Available Now! (click cover)

America's Counter-Revolution
The Constitution Revisited

From the back cover:

This book challenges the assumption that the Constitution was a landmark in the struggle for liberty. Instead, Sheldon Richman argues, it was the product of a counter-revolution, a setback for the radicalism represented by America’s break with the British empire. Drawing on careful, credible historical scholarship and contemporary political analysis, Richman suggests that this counter-revolution was the work of conservatives who sought a nation of “power, consequence, and grandeur.” America’s Counter-Revolution makes a persuasive case that the Constitution was a victory not for liberty but for the agendas and interests of a militaristic, aristocratic, privilege-seeking ruling class.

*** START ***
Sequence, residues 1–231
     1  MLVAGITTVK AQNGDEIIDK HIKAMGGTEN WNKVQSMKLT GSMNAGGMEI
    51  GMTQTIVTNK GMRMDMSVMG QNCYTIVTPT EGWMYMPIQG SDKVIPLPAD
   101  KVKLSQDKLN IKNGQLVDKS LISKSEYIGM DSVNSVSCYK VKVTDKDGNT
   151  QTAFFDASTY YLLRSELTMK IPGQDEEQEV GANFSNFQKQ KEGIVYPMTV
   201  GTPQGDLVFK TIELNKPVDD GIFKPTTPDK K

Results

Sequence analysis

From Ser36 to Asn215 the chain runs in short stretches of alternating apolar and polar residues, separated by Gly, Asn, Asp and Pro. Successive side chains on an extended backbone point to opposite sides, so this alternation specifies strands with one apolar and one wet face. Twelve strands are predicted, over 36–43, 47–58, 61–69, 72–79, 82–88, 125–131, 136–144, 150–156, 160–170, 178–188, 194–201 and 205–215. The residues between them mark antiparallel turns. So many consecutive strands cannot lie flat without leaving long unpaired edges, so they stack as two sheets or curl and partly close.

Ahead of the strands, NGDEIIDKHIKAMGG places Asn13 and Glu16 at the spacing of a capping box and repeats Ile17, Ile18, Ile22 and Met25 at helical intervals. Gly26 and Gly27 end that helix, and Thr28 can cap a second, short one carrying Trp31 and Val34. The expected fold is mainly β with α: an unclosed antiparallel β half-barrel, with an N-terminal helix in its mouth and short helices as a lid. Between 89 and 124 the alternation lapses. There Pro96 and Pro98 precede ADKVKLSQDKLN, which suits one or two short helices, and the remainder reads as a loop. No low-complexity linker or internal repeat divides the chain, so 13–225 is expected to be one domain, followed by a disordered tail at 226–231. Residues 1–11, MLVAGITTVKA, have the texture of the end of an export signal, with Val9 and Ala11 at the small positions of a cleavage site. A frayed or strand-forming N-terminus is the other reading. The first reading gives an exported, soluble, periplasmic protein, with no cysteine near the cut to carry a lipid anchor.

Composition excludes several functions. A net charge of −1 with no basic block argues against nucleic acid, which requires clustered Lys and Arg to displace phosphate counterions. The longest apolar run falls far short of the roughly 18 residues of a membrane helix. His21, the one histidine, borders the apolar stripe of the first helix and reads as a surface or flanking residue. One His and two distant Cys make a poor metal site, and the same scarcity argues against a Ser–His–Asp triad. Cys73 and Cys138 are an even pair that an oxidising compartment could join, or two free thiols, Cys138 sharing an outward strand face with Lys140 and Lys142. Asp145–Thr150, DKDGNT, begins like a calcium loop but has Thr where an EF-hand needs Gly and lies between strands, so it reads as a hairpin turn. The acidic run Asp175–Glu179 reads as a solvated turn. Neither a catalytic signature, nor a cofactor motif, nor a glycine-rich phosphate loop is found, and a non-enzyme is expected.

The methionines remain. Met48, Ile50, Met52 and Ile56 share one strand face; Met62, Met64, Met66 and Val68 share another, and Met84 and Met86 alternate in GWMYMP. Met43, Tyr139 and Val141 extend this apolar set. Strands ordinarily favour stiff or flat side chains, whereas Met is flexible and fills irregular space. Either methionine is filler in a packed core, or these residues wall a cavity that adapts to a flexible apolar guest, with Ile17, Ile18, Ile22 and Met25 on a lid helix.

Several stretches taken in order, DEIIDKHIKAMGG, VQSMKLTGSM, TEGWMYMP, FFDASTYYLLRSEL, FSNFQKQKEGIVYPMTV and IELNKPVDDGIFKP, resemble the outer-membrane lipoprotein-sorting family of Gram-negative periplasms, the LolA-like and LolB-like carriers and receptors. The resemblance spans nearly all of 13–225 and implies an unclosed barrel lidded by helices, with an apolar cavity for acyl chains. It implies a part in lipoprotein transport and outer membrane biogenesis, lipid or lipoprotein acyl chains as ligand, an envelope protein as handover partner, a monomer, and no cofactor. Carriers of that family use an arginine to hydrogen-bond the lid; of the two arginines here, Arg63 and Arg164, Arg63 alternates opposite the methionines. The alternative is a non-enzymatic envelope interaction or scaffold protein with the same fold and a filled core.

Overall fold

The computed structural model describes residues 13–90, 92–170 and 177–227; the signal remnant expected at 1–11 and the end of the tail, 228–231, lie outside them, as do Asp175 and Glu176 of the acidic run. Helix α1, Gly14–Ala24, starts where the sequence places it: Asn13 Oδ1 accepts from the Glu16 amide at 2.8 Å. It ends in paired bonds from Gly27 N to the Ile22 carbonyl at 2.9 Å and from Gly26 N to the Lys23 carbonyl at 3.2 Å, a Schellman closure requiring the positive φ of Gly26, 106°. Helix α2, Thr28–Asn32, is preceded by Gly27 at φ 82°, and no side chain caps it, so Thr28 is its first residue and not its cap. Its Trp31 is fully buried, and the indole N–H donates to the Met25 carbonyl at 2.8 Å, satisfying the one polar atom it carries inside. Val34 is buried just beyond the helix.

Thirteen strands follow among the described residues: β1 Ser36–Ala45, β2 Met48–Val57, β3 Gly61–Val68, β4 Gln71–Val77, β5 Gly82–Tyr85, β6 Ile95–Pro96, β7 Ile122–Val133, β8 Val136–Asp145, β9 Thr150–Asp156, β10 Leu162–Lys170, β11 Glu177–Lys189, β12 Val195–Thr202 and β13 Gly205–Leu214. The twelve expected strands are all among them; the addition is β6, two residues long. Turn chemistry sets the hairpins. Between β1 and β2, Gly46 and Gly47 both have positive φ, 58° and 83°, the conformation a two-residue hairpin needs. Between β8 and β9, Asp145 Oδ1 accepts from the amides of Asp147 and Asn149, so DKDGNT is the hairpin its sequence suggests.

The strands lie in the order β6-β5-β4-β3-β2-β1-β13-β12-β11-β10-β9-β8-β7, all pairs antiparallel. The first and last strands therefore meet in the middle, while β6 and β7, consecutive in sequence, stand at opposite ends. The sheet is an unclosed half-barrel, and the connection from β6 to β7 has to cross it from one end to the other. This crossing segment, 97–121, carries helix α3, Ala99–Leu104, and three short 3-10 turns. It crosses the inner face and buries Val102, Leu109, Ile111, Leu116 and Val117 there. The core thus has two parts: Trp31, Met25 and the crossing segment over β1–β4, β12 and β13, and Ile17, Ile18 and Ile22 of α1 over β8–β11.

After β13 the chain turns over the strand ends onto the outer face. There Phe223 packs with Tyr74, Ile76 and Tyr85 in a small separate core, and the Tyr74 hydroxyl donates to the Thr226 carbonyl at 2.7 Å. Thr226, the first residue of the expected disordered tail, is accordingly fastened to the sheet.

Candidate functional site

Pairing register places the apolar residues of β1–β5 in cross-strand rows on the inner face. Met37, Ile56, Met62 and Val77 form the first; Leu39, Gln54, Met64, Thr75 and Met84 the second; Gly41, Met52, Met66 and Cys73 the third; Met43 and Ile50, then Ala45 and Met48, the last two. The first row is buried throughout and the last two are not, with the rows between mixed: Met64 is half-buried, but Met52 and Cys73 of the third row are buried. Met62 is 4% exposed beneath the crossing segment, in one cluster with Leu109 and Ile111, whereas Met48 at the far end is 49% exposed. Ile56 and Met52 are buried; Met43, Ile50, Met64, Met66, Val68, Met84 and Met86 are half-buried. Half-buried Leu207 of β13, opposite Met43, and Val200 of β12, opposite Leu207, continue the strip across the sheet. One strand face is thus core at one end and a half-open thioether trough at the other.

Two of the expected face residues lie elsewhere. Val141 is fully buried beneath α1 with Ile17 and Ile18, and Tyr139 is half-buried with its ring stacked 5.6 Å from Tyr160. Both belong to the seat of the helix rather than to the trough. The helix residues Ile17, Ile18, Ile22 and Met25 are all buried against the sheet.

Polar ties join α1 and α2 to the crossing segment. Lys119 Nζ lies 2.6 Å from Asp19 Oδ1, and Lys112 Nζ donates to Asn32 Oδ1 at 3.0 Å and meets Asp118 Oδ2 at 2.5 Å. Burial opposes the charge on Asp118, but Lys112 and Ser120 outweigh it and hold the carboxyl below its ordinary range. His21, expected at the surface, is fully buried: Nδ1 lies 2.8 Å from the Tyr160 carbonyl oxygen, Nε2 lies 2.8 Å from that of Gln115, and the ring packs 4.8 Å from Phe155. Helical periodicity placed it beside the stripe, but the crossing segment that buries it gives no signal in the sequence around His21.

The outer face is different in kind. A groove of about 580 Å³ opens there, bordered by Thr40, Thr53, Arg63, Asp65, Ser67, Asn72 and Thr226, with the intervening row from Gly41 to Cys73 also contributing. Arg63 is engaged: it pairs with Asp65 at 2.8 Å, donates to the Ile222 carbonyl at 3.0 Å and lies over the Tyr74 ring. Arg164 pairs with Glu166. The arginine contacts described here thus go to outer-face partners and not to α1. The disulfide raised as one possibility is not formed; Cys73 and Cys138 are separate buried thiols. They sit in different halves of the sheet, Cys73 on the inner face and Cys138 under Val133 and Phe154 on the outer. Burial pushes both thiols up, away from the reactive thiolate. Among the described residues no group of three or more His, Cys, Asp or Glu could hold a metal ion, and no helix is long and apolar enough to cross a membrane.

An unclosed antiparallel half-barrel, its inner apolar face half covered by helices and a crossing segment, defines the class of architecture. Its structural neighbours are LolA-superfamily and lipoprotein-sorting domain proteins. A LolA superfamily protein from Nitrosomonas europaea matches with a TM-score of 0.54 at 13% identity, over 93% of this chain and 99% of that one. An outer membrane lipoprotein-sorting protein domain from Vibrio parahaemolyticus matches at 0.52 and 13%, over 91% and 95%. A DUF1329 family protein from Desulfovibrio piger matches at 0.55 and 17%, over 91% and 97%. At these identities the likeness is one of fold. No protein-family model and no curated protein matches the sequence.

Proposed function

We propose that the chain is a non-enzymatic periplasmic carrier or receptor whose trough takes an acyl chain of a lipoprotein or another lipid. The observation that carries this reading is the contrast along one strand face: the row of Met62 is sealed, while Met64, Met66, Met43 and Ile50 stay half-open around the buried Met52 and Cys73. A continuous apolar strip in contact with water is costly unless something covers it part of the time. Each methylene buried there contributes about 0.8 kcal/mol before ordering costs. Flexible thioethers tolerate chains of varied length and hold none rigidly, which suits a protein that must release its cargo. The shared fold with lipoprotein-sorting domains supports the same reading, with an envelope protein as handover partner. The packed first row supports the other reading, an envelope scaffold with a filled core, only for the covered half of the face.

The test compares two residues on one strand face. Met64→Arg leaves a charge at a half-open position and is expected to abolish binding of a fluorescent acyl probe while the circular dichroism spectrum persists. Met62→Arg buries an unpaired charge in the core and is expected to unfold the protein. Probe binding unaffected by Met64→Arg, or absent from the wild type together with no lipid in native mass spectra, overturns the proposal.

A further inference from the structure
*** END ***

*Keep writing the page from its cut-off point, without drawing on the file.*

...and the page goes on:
Sunday, April 02, 2006

"No Foreign Politics"

Richard Cobden, the great liberal promoter of peace and free trade, in 1835 wrote:
The middle and industrious classes of England can have no interest apart from the preservation of peace. The honours, the fame, the emoluments of war belong not to them; the battle-plain is the harvest-field of the aristocracy, watered with the blood of the people.

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